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The Daily Cardinal Est. 1892
Saturday, March 06, 2021

Ask Ms. Scientist: Solar panels and seeing stars

How do solar panels work?

Pat R.

Solar panels are made of many small photovoltaic cells, which are battery cells that convert sunlight to electricity. A photovoltaic cell is usually made of a silicon “sandwich.” Electricity is made up of the flow of electrons, which are tiny negatively charged particles. To make an electric field around the photovoltaic cells, solar panel manufacturers move around electrons so that a positive charge is on one layer of the silicon sandwich, and a negative charge is on the other. Then, when sunlight strikes the cells, the energy of the light knocks free some of the electrons that are part of the electric field. The electrons that are knocked free can then be collected with metal and conducted through wires, creating a flow of electrons that becomes the electricity that we can use.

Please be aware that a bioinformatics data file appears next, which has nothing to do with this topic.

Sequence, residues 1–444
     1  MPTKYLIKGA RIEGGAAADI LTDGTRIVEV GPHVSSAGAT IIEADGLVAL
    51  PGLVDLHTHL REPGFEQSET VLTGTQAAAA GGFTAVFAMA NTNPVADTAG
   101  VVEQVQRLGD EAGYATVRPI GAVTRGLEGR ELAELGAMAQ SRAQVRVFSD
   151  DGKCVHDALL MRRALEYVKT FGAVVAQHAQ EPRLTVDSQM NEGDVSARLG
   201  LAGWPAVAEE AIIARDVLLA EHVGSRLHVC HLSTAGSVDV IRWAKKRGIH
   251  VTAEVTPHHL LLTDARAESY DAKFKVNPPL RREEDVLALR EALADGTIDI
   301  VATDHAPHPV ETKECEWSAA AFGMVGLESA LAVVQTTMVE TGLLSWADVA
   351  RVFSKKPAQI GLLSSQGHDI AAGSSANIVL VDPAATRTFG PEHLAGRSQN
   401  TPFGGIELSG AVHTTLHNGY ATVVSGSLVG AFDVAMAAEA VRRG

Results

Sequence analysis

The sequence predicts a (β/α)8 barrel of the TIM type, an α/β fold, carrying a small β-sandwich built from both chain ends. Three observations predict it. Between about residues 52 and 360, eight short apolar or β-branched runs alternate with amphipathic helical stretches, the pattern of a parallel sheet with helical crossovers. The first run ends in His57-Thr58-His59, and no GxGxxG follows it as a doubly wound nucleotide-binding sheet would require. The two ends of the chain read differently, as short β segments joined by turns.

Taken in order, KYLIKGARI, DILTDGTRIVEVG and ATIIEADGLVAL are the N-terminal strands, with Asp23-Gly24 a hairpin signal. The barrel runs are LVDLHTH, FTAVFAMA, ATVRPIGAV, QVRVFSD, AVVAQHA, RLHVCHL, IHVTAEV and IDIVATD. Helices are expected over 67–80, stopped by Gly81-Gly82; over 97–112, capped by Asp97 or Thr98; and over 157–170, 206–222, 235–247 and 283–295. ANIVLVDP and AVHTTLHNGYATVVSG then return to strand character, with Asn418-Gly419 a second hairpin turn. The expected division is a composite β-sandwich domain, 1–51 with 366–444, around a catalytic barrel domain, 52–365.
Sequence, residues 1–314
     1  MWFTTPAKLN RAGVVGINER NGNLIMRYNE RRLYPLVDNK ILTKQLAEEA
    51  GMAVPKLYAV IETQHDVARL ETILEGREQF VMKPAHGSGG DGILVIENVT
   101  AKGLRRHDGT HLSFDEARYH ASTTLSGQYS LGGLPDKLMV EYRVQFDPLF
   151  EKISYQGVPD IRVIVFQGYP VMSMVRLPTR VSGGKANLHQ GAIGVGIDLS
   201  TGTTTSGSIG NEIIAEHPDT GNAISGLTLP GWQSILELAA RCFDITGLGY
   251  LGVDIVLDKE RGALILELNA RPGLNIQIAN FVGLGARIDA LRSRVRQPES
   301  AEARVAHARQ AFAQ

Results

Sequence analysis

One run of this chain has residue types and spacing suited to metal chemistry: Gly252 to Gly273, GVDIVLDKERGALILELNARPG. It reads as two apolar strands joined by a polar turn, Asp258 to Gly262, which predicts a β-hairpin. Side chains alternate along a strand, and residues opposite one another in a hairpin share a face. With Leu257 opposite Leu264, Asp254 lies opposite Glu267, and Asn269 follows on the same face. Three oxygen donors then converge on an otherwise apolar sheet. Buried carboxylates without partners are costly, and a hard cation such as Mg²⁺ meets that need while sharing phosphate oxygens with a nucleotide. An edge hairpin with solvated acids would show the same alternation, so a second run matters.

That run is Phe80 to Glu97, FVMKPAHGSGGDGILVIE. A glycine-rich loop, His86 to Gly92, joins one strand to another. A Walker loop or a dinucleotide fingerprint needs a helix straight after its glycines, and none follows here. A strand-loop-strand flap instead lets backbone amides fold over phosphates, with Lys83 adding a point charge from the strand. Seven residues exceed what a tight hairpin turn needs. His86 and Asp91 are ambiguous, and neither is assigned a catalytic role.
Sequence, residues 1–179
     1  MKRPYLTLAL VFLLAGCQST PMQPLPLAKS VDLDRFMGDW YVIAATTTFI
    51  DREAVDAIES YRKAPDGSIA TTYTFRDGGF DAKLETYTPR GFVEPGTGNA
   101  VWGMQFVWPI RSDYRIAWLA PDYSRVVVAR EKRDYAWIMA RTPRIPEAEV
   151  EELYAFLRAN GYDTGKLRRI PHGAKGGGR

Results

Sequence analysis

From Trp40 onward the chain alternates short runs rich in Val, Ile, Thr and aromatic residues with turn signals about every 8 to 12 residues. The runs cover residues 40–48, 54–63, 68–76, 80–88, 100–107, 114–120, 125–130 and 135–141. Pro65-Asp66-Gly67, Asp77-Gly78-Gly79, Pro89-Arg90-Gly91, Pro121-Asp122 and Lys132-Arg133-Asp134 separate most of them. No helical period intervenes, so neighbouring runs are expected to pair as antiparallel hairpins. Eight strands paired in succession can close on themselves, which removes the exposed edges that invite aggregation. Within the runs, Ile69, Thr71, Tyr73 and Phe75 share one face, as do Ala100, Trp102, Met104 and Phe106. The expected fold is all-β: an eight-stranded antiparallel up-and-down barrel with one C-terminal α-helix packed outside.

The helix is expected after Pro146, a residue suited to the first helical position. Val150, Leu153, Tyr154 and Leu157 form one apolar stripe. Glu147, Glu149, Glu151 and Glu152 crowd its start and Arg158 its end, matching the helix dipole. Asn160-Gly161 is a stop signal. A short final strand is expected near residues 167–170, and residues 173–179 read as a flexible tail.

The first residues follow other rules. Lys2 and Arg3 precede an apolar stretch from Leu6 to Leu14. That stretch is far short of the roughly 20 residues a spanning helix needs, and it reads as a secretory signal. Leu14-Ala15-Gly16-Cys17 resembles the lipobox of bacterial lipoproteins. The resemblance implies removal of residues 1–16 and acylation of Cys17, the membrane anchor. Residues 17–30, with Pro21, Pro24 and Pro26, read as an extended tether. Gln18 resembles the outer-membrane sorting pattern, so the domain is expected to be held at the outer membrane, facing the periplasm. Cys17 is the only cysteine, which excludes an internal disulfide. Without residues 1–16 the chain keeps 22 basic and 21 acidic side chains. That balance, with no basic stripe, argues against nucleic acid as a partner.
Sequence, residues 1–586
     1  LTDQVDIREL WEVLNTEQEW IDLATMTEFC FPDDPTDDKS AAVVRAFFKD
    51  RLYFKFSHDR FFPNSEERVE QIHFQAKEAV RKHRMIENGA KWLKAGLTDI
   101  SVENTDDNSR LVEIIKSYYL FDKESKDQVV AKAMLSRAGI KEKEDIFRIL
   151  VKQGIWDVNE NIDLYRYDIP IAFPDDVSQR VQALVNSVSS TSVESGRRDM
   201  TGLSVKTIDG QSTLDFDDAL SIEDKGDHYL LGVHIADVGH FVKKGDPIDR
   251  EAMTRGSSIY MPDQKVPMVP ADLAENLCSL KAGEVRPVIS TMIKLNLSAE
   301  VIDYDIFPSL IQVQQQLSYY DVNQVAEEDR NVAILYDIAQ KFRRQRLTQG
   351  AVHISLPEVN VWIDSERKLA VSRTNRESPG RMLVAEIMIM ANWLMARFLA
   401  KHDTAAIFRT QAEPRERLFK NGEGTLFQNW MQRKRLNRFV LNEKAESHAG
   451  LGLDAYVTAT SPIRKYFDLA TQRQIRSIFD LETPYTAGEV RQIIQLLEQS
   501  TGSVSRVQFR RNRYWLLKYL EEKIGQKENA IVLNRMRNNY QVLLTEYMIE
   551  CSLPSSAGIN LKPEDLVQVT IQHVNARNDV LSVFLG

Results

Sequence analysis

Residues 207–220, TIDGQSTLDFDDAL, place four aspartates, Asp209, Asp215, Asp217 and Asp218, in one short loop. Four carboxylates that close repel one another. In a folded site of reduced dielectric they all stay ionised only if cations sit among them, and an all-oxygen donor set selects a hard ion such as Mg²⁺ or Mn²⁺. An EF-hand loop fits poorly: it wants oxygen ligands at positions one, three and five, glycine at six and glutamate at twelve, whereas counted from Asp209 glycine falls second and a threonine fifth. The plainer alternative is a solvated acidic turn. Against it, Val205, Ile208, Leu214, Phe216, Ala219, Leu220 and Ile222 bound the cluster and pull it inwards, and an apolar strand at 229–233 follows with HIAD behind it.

What happens when I’m “seeing stars” after I sneeze?

Erin A.

Sometimes after a loud sneeze you might see small stars or pinpoints of light around your field of vision. These stars are often caused by our optic nerve, the nerve in our eye that transmits light to our brain. The eyeball has a thick gel that keeps it round. Sometimes, this gel can rub again the retina and stimulate the part of our brain that creates images. When the brain gets a message from the retina, it interprets it as light. Pressure and force can often shoot a sneeze out at close to 100 miles per hour. This is enough to disrupt the gel, stimulate the retina and create the phenomenon we know as “seeing stars.”

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